India’s nuclear programme aims to develop and utilize nuclear energy for peaceful purposes such as power generation, applications in agriculture, medical sciences, industry and other areas. India is today globally acknowledged as one of the advanced countries in nuclear technology.
The country is self-reliant and excels in the expertise covering the complete nuclear cycle from exploration and mining to power generation and from applications of nuclear technology to waste management and other safety issues. Nuclear energy apart from being a potential source of electricity that could satisfy our requirement for next 300 years.
The nuclear programme has also various other crucial applications important for our socio-economic development as well as for our defence requirements. At present India have 17 operational nuclear plants while others are under construction.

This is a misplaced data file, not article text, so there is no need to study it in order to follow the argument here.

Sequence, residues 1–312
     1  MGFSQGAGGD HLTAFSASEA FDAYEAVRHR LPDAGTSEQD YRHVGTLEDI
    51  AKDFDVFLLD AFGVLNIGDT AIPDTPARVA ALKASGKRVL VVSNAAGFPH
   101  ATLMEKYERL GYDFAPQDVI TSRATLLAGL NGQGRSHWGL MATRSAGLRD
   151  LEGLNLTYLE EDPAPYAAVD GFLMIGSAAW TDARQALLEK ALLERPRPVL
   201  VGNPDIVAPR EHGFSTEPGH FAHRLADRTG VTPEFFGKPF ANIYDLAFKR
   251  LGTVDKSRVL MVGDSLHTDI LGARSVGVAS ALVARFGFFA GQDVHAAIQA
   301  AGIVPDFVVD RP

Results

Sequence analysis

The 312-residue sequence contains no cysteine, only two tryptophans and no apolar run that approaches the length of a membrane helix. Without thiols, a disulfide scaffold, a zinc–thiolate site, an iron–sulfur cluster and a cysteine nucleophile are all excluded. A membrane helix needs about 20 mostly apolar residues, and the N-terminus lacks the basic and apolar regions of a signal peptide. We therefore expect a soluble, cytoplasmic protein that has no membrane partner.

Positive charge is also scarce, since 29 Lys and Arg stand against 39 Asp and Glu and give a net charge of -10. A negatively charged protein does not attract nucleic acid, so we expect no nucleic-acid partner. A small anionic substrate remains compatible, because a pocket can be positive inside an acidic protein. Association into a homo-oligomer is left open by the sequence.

There are also very modest uranium resources in the country- an estimated 54,000 tones identified mainly in Jharkhand and also some in Meghalaya and Andhra Pradesh. Due to this limitation and lack of imports, the nuclear programme has been constrained. However, Indian Scientists have been working on developing a different fuel cycle based on thorium. Because almost a quarter of all the thorium in the world is found in India in the sandy beaches of Orissa and Kerala.
Also the long term goal of India’s nuclear programme is to produce energy through use of thorium. This involves three stage process. In the first stage, the natural uranium is used to produce plutonium.
In the second stage fast neutron reactors are used to fission plutonium and convert thorium into highly fissle U-233. The design of this stage is such that fast neutrons coming from fissioning plutonium will bombard a surrounding blanket of uranium and thorium and thus produce more plutonium as well as U-233. Finally in the 3rd stage, advanced reactors burn the U-233 and plutonium. Stage 2 is expected to be completed by 2010 at Kalpakkam and then the stage for full utilization of thorium will be set.